It may be hard to summon sympathy for people who walk willingly into such working conditions. “Bart, don’t make fun of grad students,” Marge told her son on an oft-quoted episode of The Simpsons. “They just made a terrible life choice.”
But all Americans should be concerned about adjuncts, and not only because adjuncts are the ones teaching our youth. The adjunct problem is emblematic of broader trends in American employment: the end of higher education as a means to prosperity, and the severing of opportunity to all but the most privileged.
In a searing commentary, political analyst Joshua Foust notes that the unpaid internships that were once limited to show business have now spread to nearly every industry. “It’s almost impossible to get a job working on policy in this town without an unpaid internship,” he writes from Washington DC, one of the most expensive cities in the country. Even law, once a safety net for American strivers, is now a profession where jobs pay as little as $10,000 a year- unfeasible for all but the wealthy, and devastating for those who have invested more than $100,000 into their degrees. One after another, the occupations that shape American society are becoming impossible for all but the most elite to enter.
The value of a degree
Academia is vaunted for being a meritocracy. Publications are judged on blind review, and good graduate programs offer free tuition and a decent stipend. But its reliance on adjuncts makes it no different than professions that cater to the elite through unpaid internships.
Anthropologists are known for their attentiveness to social inequality, but few have acknowledged the plight of their peers. When I expressed doubt about the job market to one colleague, she advised me, with total seriousness, to “re-evaluate what work means” and to consider “post-work imaginaries”. A popular videoon post-graduate employment cuts to the chase: “Why don’t you tap into your trust fund?”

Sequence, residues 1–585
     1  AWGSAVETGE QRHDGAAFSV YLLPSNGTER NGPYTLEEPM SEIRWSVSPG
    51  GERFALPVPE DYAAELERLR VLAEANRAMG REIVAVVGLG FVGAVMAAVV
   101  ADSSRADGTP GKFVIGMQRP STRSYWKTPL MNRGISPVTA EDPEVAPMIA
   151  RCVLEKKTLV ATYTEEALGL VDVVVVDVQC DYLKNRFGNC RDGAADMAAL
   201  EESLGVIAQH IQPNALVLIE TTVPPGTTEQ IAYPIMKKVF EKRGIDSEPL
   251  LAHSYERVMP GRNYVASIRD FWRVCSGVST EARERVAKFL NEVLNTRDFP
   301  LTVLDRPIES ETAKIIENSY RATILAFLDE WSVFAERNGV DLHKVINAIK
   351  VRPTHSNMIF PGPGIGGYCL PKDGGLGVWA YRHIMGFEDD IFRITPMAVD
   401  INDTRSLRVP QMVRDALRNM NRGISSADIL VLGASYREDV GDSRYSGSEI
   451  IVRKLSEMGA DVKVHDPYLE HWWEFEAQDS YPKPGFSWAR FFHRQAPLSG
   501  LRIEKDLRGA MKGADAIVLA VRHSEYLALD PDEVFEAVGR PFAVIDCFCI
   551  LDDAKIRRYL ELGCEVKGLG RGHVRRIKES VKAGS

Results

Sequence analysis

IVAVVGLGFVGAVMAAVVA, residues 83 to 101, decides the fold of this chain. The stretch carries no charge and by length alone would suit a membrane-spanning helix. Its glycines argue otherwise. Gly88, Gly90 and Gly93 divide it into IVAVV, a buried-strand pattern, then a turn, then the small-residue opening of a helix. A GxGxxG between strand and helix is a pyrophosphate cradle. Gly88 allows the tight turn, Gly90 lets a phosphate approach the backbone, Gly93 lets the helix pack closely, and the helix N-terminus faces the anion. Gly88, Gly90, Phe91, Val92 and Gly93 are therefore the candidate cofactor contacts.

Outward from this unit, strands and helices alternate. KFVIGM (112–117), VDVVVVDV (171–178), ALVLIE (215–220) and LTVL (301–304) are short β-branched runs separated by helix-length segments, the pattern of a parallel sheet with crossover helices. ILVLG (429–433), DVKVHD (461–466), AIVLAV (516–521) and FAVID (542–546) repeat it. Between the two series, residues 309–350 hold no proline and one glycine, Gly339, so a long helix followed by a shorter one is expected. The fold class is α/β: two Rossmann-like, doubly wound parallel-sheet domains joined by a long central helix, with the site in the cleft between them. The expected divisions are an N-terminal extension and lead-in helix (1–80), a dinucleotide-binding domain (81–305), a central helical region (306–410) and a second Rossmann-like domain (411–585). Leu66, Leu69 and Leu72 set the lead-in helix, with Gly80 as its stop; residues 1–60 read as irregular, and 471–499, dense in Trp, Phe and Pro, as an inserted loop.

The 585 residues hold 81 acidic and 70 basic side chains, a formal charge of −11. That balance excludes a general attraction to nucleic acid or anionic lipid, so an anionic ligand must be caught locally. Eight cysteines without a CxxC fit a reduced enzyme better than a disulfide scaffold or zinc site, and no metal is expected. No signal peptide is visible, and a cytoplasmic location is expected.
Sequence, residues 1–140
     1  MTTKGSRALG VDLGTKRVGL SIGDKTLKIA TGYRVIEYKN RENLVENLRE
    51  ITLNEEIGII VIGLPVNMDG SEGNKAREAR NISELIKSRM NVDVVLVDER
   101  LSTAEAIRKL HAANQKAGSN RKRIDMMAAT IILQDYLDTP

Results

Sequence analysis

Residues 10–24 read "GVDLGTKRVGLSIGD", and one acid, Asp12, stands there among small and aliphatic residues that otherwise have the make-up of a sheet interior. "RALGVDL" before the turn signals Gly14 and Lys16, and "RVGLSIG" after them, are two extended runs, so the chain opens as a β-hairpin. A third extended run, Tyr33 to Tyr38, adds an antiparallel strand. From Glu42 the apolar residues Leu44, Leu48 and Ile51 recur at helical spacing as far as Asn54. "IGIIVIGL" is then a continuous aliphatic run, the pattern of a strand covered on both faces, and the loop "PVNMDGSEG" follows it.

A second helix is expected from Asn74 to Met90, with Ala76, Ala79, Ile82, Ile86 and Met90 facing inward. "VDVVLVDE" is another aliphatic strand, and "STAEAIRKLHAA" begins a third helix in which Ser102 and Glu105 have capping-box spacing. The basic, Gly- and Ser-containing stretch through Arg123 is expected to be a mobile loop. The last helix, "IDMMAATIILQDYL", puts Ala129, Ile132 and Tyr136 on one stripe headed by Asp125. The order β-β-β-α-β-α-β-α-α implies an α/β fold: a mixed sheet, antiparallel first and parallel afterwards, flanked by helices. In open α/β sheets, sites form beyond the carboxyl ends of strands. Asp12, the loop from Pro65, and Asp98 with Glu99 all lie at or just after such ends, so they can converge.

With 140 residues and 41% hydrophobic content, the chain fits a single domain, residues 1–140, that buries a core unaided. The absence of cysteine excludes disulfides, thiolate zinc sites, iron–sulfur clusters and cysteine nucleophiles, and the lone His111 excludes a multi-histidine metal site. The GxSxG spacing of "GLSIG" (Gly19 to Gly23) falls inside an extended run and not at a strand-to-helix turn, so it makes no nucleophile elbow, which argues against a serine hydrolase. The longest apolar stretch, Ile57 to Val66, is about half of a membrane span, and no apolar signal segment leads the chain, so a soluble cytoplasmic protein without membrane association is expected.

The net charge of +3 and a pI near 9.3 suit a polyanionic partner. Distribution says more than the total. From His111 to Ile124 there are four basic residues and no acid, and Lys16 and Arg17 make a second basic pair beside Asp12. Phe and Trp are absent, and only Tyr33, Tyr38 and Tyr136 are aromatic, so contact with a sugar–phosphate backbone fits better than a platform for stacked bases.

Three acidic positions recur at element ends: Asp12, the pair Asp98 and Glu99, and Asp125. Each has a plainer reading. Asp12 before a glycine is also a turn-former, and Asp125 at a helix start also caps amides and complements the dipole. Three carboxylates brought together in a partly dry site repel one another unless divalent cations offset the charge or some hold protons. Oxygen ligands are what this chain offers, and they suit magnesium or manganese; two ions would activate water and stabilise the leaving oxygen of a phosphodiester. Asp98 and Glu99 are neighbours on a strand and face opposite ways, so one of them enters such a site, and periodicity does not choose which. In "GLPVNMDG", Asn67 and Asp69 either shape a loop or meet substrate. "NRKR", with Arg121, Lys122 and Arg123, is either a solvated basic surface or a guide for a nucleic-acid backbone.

In May 2012, I received my PhD, but I still do not know what to do with it. I struggle with the closed off nature of academic work, which I think should be accessible to everyone, but most of all I struggle with the limited opportunities in academia for Americans like me, people for whom education was once a path out of poverty, and not a way into it.
My father, the first person in his family to go to college, tries to tell me my degree has value. “Our family came here with nothing,” he says of my great-grandparents, who fled Poland a century ago. “Do you know how incredible it is that you did this, how proud they would be?”
And my heart broke a little when he said that, because his illusion is so touching - so revealing of the values of his generation, and so alien to the experience of mine.
For a short amount of time and a small amount of money but still a grateful kitten.
As acceptance of same-sex marriage and parenthood grows, many gay couples find themselves answering the double-edged questions.
I absolutely must attest to the accuracy of this article. As a single gay man in his mid-20’s, I haven’t reached any kind of conclusion to whether or not I’d like to have children someday. At the moment, I am thinking not given the mobility required by my career choice.
My mother, on the other hand, has decided I absolutely will have children- despite her existing eight grandchildren- and that it’s simply a matter of time. “Douglas, you’re too young right now to make a decision either way. It’s different when you get married,” She says.
Uh huh. We’ll see, Ma.
I do love Ramadan and the festive atmosphere it brings.
However, I am really looking forward to not going to bed at 4 AM and to the city and its inhabitants being back on a [relatively] normal schedule. I function poorly without a routine. (Yes, I know Ramadan and its celebrations have nothing to do with me and my life as a foreigner living in a Muslim country so get off my back, kittens and fruits.) ^_^;
Also, I got stuck in downtown Cairo at 2 AM last night. I met some friends for beverages and could not for the life of me find a cab home. This is strange and should not have happened but every taxi I tried to hail was full. I consider myself somewhat of a pro at hailing taxis. After living on and off in Manhattan for years, I thought I could get a taxi anywhere. Um, yeah, no.
I ended up walking about 3/4 of the way down 26th July to Zamalek in massive Ramadan traffic wearing clothes not very suitable for 40+ degrees. Mind you, there is no place I’d rather be at 2 AM on a Tuesday morning then stranded in downtown Cairo during Ramadan. But I digress.